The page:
I put it to you that there are no British poets, there are no British novelists. I have heard myself described as one, but I think really I'm an English novelist; there are Scottish poets and Scottish novelists.
You enter a state of controlled passivity, you relax your grip and accept that even if your declared intention is to justify the ways of God to man, you might end up interesting your readers rather more in Satan.
It's good to get your hands dirty a bit and to test how you see things at a given point. And it's very pleasing after writing something like 'Atonement' or 'On Chesil Beach,' which are historical, to get involved in some plausible re-enactment of the here and now.
My parents were keen for me to have the education they themselves never had. They weren't able to guide me towards particular books, but they encouraged me to read, which I did, randomly and compulsively.
It is not the first duty of the novelist to provide blueprints for insurrection, or uplifting tales of successful resistance for the benefit of the opposition. The naming of what is there is what is important.
When I began I thought that literature was contained within a bubble that somehow floated above the world commented upon by newspapers. But I became more and more interested in trying to include some of that world within my work.
It should simply be an empirical matter whether the climate is changing or not and whether we're responsible. But the various sides of the debate have now become so tribal that it's no longer a matter of changing our views as more information comes in.
What I've discovered and really confirmed to myself is that opera really likes loud colours, and you need something bold, something savage, unpredictable, passionate. You can't really run a two-hour opera round some muted murmuring.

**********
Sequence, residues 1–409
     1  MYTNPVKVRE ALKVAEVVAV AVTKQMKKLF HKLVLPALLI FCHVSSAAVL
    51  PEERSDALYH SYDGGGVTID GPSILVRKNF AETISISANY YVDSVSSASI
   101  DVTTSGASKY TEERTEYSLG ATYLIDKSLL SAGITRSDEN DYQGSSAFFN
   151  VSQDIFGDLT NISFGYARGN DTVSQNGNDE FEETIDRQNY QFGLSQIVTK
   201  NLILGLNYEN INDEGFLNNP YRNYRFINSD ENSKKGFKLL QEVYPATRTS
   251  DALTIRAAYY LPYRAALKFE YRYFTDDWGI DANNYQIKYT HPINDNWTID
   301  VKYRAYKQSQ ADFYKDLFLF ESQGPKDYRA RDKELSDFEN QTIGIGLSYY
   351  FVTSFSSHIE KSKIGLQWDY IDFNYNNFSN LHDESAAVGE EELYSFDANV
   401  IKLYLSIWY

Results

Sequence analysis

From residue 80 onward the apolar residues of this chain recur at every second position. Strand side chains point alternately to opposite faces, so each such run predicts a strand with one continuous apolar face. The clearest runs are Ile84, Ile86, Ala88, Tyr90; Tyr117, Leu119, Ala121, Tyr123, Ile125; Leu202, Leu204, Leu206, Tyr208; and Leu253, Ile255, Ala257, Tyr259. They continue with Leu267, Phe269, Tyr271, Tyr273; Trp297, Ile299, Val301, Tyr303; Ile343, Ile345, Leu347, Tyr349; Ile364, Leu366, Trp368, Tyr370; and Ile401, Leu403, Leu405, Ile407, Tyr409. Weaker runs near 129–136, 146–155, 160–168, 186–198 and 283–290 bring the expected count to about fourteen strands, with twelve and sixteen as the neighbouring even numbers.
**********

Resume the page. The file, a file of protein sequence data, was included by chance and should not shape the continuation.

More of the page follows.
Atheists have as much conscience, possibly more, than people with deep religious conviction, and they still have the same problem of how they reconcile themselves to a bad deed in the past. It's a little easier if you've got a god to forgive you.
One important theme is the extent to which one can ever correct an error, especially outside any frame of religious forgiveness. All of us have done something we regret - how we manage to remove that from our conscience, or whether that's even possible, interested me.
Scientists do stand on the shoulders of giants, just as do writers. Conversely, in the arts we do make discoveries. We do refine our tools. So I am arguing with, or at least playing with, the idea that art never improves.
I apologize for being obvious, but every time I watch the curtain come down on even a halfway decent production of a Shakespeare play I feel a little sorrowful that I'll never know the man, or any man of such warm intelligence.
As regards literary culture, it fascinates me that it has been so resilient to the Union. For example, when T.S. Eliot wanted to become poet in these lands, it wasn't as an English poet, it was an Anglian poet he wanted to be.
London in the '70s was a pretty catastrophic dump, I can tell you. We had every kind of industrial trouble; we had severe energy problems; we were under constant terrorist attack from Irish terrorist groups who started a bombing campaign in English cities; politics were fantastically polarized between left and right.
By concentrating on what is good in people, by appealing to their idealism and their sense of justice, and by asking them to put their faith in the future, socialists put themselves at a severe disadvantage.